Category Archives: Shotwell

Vala and C warnings

We’re frantic here at Yorba working to get Shotwell 0.4 out the door before the holidays, but I wanted to take a breather and point out a positive trend I’ve noticed with the Vala compiler.

As you may or may not know, Yorba is a 100% Vala shop — well, maybe not 100%, but the sliver of code that’s not Vala (and I’m including Make as a kind of scripting engine) is present only out of necessity.

We were sold on Vala from just about the beginning of Yorba’s existence.  One major concern was the number of C warnings gcc spat out when compiling valac’s generated source.  I’m from the medieval school of thought where Wernings Shalt Be Treatyd As Errours, but unfortunately there’s little recourse with a system like Vala.  Each warning had its own root cause.  There was no central fix that could be made to the compiler, nor was it a simple matter of rewriting the offending line.  Many warnings were due to const-correctness.

Recently I’ve noticed fewer warnings than ever.  Shotwell is approaching the 25,000-line ceiling (according to wc, blank lines stripped) and I was curious what kind of trend there’s been on warnings.  It’s positive all right:

18-Mar-2009 Vala 0.5.7: 746 lines, 4 warnings, 0.54% lines generating warnings
12-Apr-2009 Vala 0.6.1: 2,789 lines, 8 warnings, 0.29%
20-Apr-2009 Vala 0.6.1: 3,160 lines, 11 warnings, 0.35%
26-May-2009 Vala 0.7.3: 6,347 lines, 57 warnings, 0.90%
28-Jun-2009 Vala 0.7.3: 8,663 lines, 79 warnings, 0.91%
18-Sep-2009 Vala 0.7.5: 15,270 lines, 131 warnings, 0.86%
17-Dec-2009, Vala 0.7.8: 24,591 lines, 56 warnings, 0.23%

I suppose I could go crazy with the graphs, but you get the point: Shotwell’s code size is growing and the rate of warnings are dropping.  The big leap was between 0.7.5 and 0.7.8, which justifies my hunch that this was a recent development.

(I ran 18-Mar for giggles.  I don’t think a program under 1,000 lines is worth measuing in this context, but it’s fun to remember when Shotwell was just a tot.)

Zero warnings are, of course, the final goal here, but I’d say that Vala’s largest improvement of late has been its growing silence.  When you think about it, that’s what you’re really wishing for when you type “make”.

Shotwell 0.3.0 released!

Hello, world: this is the inaugural post of the Yorba blog!  I actually have quite a few topics queued up to blog about so you can expect more posts in the weeks to come ( and I know that my fellow Yorba engineers are looking forward to writing soon too.)

I’ll start out by writing about our latest release: after several months of hard work we released Shotwell 0.3.0 yesterday!  Without a doubt this is the most interesting release of Shotwell so far. We’ve spent lots of time improving Shotwell’s scalability and performance so that it’s now very reasonable to use Shotwell with a collection of thousands of photos.  We’ve also added a one-click autoenhance feature which I’ve found significantly improves most photos we’ve thrown at it. I really like that Shotwell’s autoenhance is non-destructive: it simply sets several adjustment sliders using built-in heuristics, but you can tweak the sliders afterward to your heart’s content.  There are zillions of other new features as well; check the Shotwell documentation for details.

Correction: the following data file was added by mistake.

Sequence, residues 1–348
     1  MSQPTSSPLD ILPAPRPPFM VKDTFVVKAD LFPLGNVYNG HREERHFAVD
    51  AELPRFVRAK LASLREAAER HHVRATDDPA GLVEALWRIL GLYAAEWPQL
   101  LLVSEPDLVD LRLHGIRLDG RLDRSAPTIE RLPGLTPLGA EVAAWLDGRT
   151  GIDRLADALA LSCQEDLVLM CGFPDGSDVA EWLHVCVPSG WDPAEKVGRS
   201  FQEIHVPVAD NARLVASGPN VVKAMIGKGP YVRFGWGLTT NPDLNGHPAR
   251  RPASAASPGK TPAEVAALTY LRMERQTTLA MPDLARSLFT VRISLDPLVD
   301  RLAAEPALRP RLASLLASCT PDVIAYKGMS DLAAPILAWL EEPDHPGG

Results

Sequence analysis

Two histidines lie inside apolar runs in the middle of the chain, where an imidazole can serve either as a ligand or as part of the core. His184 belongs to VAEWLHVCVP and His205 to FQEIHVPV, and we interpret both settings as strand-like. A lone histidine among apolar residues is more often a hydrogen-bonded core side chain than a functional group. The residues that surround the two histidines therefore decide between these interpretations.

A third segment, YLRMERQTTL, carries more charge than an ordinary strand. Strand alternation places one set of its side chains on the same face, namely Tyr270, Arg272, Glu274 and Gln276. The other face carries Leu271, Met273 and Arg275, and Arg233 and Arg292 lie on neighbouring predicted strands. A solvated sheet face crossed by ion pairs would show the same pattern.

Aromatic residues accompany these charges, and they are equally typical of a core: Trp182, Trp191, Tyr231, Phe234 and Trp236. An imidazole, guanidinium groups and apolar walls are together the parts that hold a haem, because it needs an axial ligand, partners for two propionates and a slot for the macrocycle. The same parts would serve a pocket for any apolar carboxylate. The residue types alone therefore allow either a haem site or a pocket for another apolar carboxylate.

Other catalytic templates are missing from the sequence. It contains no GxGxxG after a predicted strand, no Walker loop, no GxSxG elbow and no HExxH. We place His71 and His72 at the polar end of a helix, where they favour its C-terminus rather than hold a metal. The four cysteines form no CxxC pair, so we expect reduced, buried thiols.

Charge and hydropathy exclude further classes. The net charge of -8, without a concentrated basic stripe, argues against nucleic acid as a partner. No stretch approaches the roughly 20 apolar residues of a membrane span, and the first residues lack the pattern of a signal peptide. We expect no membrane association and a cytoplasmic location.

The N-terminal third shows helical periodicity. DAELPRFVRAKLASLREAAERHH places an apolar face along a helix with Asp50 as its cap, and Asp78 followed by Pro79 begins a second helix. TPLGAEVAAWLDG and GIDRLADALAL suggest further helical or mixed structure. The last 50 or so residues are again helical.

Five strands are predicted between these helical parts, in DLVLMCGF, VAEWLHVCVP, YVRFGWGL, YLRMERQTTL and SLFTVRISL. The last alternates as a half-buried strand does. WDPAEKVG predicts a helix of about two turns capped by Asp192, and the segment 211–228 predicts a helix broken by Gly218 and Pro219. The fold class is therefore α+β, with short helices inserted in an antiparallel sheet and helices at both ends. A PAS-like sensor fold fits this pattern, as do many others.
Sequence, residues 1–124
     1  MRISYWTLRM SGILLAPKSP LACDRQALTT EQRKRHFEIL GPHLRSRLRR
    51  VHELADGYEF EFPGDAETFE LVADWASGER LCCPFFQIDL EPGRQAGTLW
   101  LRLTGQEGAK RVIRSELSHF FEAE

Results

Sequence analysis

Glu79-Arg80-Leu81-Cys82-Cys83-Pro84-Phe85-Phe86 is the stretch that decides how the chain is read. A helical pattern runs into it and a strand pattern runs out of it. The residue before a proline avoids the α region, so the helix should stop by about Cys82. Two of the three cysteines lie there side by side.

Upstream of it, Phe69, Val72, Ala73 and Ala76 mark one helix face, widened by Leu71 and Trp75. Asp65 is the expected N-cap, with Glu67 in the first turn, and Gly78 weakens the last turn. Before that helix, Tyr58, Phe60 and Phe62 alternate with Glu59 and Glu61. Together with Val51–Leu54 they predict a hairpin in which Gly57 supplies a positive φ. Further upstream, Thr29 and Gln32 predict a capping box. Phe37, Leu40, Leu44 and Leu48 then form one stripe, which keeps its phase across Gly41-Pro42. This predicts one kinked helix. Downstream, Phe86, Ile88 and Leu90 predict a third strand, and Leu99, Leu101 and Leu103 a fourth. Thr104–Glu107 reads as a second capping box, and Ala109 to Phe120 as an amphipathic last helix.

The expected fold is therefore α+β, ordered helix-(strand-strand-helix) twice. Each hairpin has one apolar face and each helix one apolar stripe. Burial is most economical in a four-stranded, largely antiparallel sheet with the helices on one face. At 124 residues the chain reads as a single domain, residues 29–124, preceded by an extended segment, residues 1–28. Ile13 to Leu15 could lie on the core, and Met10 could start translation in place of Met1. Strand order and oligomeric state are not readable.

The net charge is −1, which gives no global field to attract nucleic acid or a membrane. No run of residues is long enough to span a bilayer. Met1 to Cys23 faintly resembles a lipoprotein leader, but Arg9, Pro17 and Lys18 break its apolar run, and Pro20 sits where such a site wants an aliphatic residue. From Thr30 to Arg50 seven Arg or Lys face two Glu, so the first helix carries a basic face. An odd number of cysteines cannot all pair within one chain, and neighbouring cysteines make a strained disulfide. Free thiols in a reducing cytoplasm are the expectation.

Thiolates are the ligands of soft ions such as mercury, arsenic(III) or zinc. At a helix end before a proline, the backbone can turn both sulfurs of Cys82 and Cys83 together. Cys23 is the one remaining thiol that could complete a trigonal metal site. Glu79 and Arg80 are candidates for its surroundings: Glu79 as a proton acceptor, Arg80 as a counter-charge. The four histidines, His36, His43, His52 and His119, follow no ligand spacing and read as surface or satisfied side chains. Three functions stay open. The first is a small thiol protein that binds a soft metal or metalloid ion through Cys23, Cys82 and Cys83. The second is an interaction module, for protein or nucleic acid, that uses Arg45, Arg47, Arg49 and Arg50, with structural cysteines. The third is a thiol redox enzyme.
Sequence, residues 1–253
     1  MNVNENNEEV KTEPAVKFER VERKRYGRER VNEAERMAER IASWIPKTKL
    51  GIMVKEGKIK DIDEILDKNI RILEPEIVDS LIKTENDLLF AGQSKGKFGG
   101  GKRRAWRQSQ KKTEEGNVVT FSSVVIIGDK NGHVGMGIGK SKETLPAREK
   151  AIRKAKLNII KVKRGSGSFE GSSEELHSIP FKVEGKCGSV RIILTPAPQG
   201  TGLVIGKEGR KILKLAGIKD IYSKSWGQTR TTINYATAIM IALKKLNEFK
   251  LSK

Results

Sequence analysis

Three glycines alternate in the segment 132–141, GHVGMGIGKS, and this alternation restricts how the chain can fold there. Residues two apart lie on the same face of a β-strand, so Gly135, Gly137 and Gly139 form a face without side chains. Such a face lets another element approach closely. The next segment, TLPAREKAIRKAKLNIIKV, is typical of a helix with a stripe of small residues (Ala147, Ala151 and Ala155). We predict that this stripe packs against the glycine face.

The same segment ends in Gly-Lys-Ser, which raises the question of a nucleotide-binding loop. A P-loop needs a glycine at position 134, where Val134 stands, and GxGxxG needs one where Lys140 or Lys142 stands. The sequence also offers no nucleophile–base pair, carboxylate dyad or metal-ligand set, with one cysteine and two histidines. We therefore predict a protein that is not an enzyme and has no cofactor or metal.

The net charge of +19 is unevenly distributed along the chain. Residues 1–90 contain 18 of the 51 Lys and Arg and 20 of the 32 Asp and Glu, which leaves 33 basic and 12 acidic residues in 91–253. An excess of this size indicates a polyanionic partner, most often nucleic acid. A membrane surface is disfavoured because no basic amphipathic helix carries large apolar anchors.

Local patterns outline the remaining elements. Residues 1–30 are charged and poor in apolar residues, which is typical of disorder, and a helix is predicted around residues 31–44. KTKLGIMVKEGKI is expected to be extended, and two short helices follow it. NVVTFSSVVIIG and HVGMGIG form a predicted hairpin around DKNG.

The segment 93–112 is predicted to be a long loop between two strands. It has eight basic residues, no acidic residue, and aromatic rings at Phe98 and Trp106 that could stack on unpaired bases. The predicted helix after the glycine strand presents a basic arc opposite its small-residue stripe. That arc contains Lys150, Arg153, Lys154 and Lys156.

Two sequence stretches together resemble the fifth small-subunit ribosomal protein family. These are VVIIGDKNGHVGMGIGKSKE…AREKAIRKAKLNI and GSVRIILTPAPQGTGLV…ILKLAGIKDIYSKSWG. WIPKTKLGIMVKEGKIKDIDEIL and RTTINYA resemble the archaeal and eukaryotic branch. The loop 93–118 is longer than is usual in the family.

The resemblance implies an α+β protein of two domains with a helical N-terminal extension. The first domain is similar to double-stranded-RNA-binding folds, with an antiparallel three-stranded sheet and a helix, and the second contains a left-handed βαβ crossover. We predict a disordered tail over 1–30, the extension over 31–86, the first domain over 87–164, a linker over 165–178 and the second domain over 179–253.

In my mind this release marks the moment when Shotwell is reasonably usable for working with actual photo collections, and I’m starting to use Shotwell exclusively for my own photo library.

We made a couple of realizations only after releasing 0.3.0.  First, we found that Shotwell will build without any changes on Ubuntu but not on Fedora (and possibly not on other major Linux distributions as well).  This was our mistake: it’s our goal to be distribution-neutral.  We also realized that with the recently released GNOME 2.28 Shotwell displays no toolbar button labels by default. To fix these problems we’re planning to release a new version 0.3.1 in the next couple of weeks.  (By the way, there have actually been a number of user interface changes in GNOME 2.28; I might blog more soon about those.)

Meanwhile, the team is chugging along and working on features for Shotwell 0.4, which we’re planning to release this December.  In 0.4 you’ll be able to upload photos to Flickr and Facebook, to move photos between events, to display extended information about photos and much more.  See our ticket list to learn more – the tickets marked high are currently slated for the 0.4 release, though of course that’s subject to change as the release approaches.

Oh, and Shotwell 0.4 will also build on Windows and the release will include a Windows installer.  Yes, you heard it here: we’d actually like to make all the Yorba applications work cross-platform and this is a first step toward that.  Rest assured, however, that all our applications will remain absolutely first-class citizens on Linux platforms; that’s Yorba’s primary goal.  But we’ve actually found through recent experiments that GTK is surprisingly portable, and like other GTK-based applications such as Gimp and gedit we’d like to run on Linux first and foremost but on Windows and Mac OS as well.  (I’ll plan to blog more soon about the strengths and weaknesses of cross-platform GTK in our experience).

We’d love feedback on the 0.3.0 release, and we’re always looking for help: if you’d like to get involved and contribute code, documentation or bug fixes to Shotwell or our other projects then don’t hesitate to get in touch!